Pollution Tolerance Level
macroinvertebrate pollution tolerance scale

This scale is intended for general reference only. Water conditions change constantly. Some macroinvertebrates may handle pollution better than others depending on the location and natural factors.

Factors That Influence Macroinvertebrate Health

Many natural and human-influenced factors can influence the presence, absence, and health of aquatic macroinvertebrates.

volunteers identifying macroinvertebrates

  • Seasons: Life histories of invertebrates are tied to food availability. For example, macroinvertebrates that eat algae are most abundant in the summer when algae production is at its highest.
  • Dissolved Oxygen: Macroinvertebrates breathe oxygen that is dissolved in the water. In their immature stage, many species require high levels of dissolved oxygen to survive.
  • Substrate: The materials found at the bottom of a waterbody will affect the types of macroinvertebrates that live there.
  • Nutrient enrichment: Added nutrients from wastewater, fertilizer, or agricultural practices can accelerate the growth of algae and other plants. When plants die, decomposition by microorganisms can use up dissolved oxygen in the water.
  • pH: Industrial pollutants and stormwater runoff from urban environments and human activities can change the pH levels in the water. Low pH can weaken shells and exoskeletons and kill macroinvertebrates.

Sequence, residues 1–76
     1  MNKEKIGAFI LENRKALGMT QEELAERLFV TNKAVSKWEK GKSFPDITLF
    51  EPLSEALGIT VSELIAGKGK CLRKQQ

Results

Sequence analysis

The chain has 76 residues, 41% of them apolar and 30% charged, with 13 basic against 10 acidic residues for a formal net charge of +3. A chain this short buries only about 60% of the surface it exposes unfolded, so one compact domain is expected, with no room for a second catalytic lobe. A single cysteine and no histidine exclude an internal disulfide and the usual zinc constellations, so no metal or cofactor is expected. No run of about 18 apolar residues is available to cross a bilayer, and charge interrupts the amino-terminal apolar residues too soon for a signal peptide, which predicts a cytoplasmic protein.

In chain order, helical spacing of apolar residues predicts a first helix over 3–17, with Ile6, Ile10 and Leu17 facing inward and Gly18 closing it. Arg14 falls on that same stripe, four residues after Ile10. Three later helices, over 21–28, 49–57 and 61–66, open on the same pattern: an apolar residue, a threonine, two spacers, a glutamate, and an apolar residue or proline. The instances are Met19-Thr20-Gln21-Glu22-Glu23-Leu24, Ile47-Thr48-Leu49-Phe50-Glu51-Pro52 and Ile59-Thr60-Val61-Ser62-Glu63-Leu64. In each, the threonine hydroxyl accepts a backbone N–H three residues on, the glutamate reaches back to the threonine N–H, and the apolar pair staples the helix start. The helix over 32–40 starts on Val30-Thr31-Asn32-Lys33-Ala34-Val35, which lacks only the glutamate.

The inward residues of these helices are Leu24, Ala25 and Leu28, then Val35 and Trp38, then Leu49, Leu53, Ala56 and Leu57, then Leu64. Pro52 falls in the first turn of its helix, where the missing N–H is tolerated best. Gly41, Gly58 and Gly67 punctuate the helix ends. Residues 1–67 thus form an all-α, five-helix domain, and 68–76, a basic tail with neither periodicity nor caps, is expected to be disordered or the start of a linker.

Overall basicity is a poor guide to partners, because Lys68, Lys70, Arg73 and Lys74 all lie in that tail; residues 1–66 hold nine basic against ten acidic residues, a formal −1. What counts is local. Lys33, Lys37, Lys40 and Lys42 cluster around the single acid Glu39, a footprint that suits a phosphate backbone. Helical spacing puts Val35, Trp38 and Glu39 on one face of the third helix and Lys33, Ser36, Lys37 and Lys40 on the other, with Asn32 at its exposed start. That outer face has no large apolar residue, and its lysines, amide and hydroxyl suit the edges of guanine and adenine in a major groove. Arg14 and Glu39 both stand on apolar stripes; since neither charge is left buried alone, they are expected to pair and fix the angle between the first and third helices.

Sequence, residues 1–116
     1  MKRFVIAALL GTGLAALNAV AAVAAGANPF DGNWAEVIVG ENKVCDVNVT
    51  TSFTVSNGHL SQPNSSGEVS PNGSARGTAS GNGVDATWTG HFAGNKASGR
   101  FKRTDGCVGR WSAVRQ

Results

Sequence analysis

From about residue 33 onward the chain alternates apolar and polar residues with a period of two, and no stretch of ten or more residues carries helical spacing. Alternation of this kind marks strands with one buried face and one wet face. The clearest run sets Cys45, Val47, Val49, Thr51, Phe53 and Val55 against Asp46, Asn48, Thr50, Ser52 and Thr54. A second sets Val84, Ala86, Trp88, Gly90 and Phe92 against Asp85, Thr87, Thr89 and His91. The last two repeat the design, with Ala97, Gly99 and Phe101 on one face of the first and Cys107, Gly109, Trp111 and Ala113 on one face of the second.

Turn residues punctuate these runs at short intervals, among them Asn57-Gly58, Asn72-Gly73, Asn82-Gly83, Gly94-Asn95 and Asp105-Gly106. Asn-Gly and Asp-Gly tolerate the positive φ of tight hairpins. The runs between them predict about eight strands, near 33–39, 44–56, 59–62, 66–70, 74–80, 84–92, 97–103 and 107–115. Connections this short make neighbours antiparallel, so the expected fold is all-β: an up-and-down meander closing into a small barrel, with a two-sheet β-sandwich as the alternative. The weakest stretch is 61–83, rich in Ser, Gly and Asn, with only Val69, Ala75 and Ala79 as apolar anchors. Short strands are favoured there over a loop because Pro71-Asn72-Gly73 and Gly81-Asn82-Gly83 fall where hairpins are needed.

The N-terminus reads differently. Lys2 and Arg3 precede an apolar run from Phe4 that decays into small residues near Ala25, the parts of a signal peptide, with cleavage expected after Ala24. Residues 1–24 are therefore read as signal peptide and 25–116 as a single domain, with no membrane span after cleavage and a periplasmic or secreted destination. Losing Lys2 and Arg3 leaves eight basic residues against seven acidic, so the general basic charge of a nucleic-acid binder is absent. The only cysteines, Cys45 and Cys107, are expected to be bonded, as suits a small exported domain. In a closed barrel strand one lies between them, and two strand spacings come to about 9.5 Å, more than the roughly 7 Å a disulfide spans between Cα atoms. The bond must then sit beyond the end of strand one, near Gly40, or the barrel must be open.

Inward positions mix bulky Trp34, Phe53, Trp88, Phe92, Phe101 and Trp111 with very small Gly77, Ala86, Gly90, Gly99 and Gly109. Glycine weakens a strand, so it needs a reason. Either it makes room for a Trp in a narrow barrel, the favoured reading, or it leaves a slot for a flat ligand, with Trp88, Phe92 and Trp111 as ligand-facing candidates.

• Removal of riparian vegetation: The vegetation growing on the banks of a waterbody provide food and habitat for macroinvertebrates. Removing this vegetation impacts their survival.


Adaptations for Survival​

Most aquatic macroinvertebrates make their home in the rocks, leaves, and sediment of a water body. These water animals have many special adaptations that allow them to live in different environments. An adaptation is a change in structure, function, or behavior that helps a living organism better survive in its environment. These adaptations can be a physical change, such as a body part, or a behavioral change like building a case out of sticks for protection and shelter.​

Aquatic macroinvertebrates that live in rapidly-moving water may have physical adaptations like flat, streamlined bodies that move well in fast water or specialized feet that help them hold onto rocky or hard substrates (organic materials at the bottom of a stream or lake), such as hooked feet or suction cups. Macroinvertebrates that make homes deep in muddy substrates may have adaptations for low oxygen environments, such as air tubes or oxygen trapping hemoglobin (red protein that helps transport oxygen in the blood) in their tissue. ​

stonefly with labeled body parts


Basic aquatic macroinvertebrate adaptations:

  • Antennae: Used for sensing food and​ surroundings.
  • Specialized mouth parts: Help with eating​ food and are adapted based on their diet.​
  • Specialized feet: Used to collect and eat food​ as well as hold onto substrate in riverbeds and ponds.​
  • Compound eyes: Help detect motion​ and see in all directions.​
  • Gills: Help with breathing dissolved oxygen ​in the water.
  • Tails: Used for swimming and steering.​


  • Aquatic Macroinvertebrates. n.d. Water Quality. Utah State University Water Quality Extension. 
  • Bugs Don't Bug Me Manual. 2011. Utah State University Water Quality Extension.
  • Macroinvertebrate Mix and Match. 2011. Utah State University Water Quality Extension.
  • Houskeeper, L. and Braithwaite, H. Water Quality and Aquatic Macroinvertebrate [interpretive sign materials]. 2021. 


Lauren Houskeeper, Water Quality Programs Assistant; Hope BraithwaiteExtension Assistant Professor for Watershed QualityNancy Mesner, Professor Emeritus